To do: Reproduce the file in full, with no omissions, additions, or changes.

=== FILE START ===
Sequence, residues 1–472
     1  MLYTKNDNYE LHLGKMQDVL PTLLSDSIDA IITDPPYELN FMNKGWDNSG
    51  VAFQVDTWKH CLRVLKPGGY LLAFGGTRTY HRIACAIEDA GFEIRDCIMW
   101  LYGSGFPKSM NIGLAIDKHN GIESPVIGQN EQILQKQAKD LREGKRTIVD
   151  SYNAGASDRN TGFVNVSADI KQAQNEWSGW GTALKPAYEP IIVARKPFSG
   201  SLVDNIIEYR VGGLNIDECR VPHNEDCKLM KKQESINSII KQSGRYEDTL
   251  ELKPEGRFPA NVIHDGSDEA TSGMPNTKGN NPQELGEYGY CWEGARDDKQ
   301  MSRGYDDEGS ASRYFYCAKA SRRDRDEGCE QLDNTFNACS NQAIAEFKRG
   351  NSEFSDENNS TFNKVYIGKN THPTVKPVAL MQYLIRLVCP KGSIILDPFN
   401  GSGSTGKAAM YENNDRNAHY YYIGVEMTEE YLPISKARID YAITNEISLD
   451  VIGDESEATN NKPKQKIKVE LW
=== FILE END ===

Sequence, residues 1–472
     1  MLYTKNDNYE LHLGKMQDVL PTLLSDSIDA IITDPPYELN FMNKGWDNSG
    51  VAFQVDTWKH CLRVLKPGGY LLAFGGTRTY HRIACAIEDA GFEIRDCIMW
   101  LYGSGFPKSM NIGLAIDKHN GIESPVIGQN EQILQKQAKD LREGKRTIVD
   151  SYNAGASDRN TGFVNVSADI KQAQNEWSGW GTALKPAYEP IIVARKPFSG
   201  SLVDNIIEYR VGGLNIDECR VPHNEDCKLM KKQESINSII KQSGRYEDTL
   251  ELKPEGRFPA NVIHDGSDEA TSGMPNTKGN NPQELGEYGY CWEGARDDKQ
   301  MSRGYDDEGS ASRYFYCAKA SRRDRDEGCE QLDNTFNACS NQAIAEFKRG
   351  NSEFSDENNS TFNKVYIGKN THPTVKPVAL MQYLIRLVCP KGSIILDPFN
   401  GSGSTGKAAM YENNDRNAHY YYIGVEMTEE YLPISKARID YAITNEISLD
   451  VIGDESEATN NKPKQKIKVE LW